Key principles about addictive disorders can help us understand the complexities of recovery. Listen in to the opiate recovery support group as they share their thoughts on these principles.
What are your thoughts about these key principles?
- Don't expect a sick brain to make a healthy decision.
- Always a part of the problem, it is difficult for family members of people addictive disorders to become a part of the solution.
- In the treatment of patients with addictive disorders, any therapeutic compromise is destined to fail.
- Never, never underestimate the additive power of alcohol and opioids.
- Don't expect a broken brain to fix itself by itself.
- People who are addicted to alcohol and drugs alienate all friends who are not themselves chemically dependent.
- Combining other personality disorders with addictive disorders is like combining jet fuel with a match.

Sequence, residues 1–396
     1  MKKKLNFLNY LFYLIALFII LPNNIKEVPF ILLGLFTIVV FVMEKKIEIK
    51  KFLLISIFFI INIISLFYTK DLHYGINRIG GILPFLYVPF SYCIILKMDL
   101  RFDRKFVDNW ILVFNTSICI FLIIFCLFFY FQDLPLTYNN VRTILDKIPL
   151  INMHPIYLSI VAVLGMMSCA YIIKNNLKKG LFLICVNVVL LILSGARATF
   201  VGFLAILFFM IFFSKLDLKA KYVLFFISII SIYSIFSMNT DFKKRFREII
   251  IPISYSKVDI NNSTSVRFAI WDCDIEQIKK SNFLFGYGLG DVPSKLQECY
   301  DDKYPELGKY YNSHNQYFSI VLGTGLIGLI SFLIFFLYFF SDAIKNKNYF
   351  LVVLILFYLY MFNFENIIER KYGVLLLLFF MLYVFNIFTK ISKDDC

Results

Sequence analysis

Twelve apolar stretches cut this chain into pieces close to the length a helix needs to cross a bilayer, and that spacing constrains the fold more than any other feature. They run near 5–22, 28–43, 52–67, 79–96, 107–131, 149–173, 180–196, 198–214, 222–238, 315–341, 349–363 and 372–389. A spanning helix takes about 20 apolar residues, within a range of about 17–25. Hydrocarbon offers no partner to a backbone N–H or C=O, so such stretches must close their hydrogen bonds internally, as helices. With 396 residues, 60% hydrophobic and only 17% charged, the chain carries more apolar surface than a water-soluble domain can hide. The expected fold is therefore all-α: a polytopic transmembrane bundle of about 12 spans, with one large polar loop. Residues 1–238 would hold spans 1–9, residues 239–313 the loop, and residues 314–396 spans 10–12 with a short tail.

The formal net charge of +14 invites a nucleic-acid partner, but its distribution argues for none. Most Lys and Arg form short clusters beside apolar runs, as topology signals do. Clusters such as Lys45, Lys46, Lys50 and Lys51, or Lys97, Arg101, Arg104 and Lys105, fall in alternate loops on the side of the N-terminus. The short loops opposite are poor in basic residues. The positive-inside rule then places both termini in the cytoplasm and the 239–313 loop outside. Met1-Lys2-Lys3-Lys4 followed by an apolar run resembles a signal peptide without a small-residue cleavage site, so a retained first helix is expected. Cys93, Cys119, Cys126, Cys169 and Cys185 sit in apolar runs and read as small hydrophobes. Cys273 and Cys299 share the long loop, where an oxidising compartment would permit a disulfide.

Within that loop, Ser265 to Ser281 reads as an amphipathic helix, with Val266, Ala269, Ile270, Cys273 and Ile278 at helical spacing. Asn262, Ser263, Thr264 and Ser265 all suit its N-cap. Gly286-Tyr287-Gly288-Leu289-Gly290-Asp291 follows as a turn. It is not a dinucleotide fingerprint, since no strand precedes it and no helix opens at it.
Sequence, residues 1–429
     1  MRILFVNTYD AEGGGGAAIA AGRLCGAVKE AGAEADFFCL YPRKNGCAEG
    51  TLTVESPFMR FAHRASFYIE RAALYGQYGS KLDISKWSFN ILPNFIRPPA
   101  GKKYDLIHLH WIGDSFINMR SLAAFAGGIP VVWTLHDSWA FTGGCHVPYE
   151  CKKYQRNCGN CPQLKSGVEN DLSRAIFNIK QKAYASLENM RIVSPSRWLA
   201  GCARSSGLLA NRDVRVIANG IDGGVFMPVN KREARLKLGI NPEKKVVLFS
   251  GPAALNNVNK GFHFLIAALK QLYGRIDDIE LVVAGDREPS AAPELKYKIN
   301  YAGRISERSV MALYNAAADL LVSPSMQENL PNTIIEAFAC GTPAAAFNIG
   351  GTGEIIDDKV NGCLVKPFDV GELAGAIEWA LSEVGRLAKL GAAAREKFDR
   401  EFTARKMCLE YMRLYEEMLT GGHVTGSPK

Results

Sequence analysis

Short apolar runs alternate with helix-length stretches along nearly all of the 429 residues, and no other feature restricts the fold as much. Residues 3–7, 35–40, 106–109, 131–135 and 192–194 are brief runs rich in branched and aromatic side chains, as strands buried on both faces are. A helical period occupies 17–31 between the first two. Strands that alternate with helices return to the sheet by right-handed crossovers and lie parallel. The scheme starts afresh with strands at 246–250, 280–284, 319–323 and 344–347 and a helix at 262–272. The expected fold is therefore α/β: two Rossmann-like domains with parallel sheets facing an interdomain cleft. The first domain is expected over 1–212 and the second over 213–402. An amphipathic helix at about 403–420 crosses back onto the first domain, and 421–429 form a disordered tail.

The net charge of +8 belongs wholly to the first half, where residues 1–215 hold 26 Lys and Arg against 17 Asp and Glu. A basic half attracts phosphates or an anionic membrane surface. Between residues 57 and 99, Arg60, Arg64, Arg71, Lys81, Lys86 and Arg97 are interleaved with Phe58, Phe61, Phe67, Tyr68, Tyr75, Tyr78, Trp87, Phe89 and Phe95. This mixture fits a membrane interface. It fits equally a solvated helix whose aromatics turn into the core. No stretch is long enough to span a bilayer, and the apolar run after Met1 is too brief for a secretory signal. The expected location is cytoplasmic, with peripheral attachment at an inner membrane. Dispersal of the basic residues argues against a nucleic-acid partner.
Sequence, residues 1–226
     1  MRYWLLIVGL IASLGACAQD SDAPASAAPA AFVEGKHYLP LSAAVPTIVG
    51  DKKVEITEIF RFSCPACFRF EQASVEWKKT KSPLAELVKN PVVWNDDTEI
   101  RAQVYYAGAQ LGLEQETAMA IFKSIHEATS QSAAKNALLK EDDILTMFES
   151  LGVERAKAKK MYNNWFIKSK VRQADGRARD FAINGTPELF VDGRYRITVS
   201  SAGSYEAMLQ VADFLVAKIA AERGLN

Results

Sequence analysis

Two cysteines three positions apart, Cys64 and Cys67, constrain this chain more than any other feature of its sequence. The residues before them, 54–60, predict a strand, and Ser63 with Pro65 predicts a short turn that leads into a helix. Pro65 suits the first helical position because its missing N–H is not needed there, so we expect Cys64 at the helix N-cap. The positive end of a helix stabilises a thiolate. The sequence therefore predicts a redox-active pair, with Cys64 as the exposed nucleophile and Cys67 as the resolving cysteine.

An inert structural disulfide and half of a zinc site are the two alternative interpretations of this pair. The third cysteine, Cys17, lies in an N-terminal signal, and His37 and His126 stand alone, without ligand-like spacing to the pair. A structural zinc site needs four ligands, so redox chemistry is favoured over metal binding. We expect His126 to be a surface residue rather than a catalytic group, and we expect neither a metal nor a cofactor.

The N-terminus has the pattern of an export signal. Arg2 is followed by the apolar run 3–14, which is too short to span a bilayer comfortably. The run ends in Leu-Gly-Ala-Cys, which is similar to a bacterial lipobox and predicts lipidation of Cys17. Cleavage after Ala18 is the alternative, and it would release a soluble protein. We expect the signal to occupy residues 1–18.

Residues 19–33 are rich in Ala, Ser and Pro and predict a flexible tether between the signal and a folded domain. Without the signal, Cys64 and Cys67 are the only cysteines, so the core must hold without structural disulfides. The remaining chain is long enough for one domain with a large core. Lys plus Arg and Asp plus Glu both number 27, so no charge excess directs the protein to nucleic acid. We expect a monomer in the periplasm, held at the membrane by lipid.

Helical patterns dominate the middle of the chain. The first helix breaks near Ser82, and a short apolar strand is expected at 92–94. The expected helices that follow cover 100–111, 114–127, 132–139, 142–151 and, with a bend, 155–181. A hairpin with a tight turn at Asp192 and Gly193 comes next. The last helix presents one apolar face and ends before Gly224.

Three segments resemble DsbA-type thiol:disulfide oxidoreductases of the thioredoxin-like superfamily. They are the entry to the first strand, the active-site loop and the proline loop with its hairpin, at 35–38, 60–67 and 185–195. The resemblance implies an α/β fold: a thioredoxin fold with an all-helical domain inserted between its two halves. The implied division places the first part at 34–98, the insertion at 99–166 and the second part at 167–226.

- It takes one physician to withdraw a person from alcohol and drugs. It takes a "therapeutic village" to prevent his or her return to alcohol and drugs.
- Although a person with addictive disorders cannot recover without total abstinence, total abstinence does not constitute recovery.
- When a person with addictive disorders begins to recover, the dynamics of all important relationship also change.
- The discontinuation of alcohol and drugs lifts the veil of denial covering over the tragic consequences of addiction-related misbehavior.
- Even though the reasons for depression are understandable, treat the person for depression. (Antidepressants may be required at any phase of the treatment of patients with addictive disorders.)
- Alcohol and drugs of abuse will poison a person's assets.
Adapted from Stuart C. Yudofsky, Fatal Flaws: Navigating Destructive Relationships with People with Disorders of Personality and Character